You Can Own a Vintage “Tintype” of Edgar Allan Poe for $150,000

If you’re an avid collector of historic tintype images or simply interested in curious-looking, antique pieces, this ebay listing should get you intrigued at least.

Previously in our non-camera vintage finds, we’ve seen a number of interesting and historic prints come up, including a vintage Ansel Adams print, signed Henri Cartier-Bresson prints, and a rare Andy Warhol Polaroid self-portrait. Today, we’re adding another intriguing item to our list; a vintage tintype of American poet, editor, and literary critic Edgar Allan Poe. If that’s something you’d like to add to your collection of vintage curiosities, it’s going to cost you $150,000.

According to the listing by California-based eBay seller knifebiz, this “newly discovered” tintype image of Edgar Allan Poe measures 1 3/4″ x 2 1/16″ and taken from an unknown daguerreotype. This is an important detail, as the daguerreotype process was invented in 1839 — during Poe’s lifetime — while the tintype process was first described in 1853 — four years after the poet passed away. Most of the known images of the poet were also daguerreotypes (like the 1848 “Ultima Thule” daguerreotype of Poe), so it could actually be an original daguerreotype instead of a tintype.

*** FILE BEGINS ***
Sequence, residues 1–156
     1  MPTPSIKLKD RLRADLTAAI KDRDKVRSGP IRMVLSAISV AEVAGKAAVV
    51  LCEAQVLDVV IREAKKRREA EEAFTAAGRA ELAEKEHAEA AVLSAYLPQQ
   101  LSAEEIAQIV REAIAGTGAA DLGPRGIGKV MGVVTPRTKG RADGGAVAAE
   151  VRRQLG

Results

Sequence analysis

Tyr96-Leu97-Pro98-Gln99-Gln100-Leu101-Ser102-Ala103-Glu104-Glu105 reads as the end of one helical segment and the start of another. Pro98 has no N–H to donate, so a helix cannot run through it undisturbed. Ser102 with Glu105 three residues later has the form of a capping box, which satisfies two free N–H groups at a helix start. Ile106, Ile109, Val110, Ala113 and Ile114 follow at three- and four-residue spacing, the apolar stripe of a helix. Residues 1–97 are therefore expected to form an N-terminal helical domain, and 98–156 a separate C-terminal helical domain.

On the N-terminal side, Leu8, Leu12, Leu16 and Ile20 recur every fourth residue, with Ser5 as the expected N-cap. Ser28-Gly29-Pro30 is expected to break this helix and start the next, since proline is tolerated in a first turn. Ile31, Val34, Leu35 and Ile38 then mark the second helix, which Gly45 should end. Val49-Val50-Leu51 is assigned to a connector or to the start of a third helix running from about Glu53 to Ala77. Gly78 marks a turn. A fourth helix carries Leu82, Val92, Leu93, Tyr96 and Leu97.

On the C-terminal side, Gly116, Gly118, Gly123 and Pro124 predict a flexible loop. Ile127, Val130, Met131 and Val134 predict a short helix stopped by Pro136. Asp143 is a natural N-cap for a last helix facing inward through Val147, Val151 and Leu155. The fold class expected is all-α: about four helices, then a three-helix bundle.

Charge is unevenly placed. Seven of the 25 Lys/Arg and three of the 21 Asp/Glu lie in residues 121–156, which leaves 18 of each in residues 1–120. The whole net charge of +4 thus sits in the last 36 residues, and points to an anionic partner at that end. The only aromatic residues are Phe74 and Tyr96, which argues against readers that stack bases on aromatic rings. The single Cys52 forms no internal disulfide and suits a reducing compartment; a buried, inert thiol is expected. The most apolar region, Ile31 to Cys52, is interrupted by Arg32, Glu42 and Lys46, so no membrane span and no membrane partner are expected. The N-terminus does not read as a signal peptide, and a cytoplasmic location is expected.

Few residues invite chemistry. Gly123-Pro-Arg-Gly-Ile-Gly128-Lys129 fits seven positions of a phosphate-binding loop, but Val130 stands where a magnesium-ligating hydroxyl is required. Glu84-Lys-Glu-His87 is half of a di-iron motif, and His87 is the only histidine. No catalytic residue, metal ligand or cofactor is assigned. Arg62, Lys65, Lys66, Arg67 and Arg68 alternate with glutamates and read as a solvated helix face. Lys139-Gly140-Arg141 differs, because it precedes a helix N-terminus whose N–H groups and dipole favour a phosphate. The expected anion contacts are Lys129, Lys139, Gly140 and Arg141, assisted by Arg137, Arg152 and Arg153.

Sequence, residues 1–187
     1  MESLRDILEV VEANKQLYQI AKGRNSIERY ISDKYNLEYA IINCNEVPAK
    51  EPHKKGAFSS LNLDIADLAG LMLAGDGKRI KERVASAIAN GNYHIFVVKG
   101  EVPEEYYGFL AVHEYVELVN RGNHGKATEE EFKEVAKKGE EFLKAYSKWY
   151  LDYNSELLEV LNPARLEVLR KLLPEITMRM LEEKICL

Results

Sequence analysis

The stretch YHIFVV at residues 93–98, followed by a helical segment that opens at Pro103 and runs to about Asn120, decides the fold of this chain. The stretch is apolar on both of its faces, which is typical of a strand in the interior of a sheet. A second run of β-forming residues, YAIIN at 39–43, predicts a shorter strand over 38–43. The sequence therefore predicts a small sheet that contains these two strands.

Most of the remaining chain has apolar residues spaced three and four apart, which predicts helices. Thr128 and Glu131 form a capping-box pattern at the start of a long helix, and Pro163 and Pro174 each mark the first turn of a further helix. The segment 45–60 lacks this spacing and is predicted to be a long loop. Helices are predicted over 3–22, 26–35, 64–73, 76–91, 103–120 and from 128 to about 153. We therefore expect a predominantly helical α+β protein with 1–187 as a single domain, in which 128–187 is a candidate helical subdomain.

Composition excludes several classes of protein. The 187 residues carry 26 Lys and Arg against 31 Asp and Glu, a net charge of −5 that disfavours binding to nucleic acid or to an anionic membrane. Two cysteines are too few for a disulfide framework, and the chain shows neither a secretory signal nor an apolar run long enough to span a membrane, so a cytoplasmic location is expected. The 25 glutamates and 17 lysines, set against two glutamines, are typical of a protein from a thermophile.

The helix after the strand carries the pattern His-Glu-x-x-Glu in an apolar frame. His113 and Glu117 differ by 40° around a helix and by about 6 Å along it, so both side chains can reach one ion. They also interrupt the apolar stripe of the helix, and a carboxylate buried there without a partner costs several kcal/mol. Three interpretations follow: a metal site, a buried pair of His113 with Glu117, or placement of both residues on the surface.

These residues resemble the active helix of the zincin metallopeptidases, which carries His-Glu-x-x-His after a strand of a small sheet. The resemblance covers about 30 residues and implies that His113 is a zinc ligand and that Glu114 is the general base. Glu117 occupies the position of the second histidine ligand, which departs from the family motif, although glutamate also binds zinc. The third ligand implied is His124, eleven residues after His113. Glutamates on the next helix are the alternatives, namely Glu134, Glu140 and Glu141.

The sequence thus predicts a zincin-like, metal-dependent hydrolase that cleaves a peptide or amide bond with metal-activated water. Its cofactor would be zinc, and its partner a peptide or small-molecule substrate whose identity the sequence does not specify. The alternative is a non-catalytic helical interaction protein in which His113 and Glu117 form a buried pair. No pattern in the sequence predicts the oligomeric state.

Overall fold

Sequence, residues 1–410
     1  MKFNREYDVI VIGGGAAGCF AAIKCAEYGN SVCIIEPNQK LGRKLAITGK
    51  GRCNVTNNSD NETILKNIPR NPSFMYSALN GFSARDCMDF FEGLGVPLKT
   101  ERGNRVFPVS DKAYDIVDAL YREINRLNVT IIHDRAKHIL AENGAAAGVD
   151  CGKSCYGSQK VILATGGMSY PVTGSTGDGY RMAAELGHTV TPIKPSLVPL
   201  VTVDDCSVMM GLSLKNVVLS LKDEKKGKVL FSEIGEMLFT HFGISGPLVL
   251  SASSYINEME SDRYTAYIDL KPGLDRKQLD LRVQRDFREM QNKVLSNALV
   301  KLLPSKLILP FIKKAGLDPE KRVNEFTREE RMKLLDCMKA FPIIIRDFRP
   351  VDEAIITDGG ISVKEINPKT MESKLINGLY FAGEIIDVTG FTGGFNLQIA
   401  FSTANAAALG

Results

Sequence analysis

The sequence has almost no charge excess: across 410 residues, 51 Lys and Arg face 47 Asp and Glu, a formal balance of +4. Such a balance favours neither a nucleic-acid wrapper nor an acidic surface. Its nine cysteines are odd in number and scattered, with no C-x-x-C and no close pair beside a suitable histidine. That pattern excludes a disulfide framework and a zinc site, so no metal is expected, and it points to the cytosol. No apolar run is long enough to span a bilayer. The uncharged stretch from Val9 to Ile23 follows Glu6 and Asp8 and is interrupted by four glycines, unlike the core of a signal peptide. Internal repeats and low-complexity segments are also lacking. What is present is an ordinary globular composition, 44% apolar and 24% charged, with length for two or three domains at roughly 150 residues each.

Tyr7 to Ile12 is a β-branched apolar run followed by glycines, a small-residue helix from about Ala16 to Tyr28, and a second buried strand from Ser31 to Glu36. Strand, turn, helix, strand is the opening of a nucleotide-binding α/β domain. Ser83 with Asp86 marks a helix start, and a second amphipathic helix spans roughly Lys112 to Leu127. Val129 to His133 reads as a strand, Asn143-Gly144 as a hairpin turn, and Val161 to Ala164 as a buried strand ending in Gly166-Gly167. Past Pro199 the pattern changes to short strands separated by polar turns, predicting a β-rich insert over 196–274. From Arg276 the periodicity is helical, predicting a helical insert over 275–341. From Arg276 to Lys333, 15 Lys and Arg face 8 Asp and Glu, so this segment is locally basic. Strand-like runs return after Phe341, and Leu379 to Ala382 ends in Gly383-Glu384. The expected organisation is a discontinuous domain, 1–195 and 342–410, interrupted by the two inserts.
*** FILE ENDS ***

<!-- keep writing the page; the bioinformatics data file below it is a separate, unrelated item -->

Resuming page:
As seen in the photos included in the listing, the image shows signs of age and wear, including smudge marks, scuff marks, scratches, rust, cracks, and a diagonal crease across the subject’s chest area. Some of the photos show that the actual image is hardly visible unless photographed with flash or illuminated by bright light.

Now, the most important question; despite the resemblance, is the person in the tintype really Edgar Allan Poe? A leading forensic examiner that specializes in facial recognition and photograph authentication says so. A copy of the declaration of authenticity was also attached in the listing, which provides some detailed information about the methods used to verify the identity of the subject in the tintype image. It also states that Ted Cheldin (most likely the seller), purchased the tintype from an antique dealer in New Jersey in 2017.

We’re sure some of you are at least curious to find out more, so go ahead and check out the ebay listing for more details.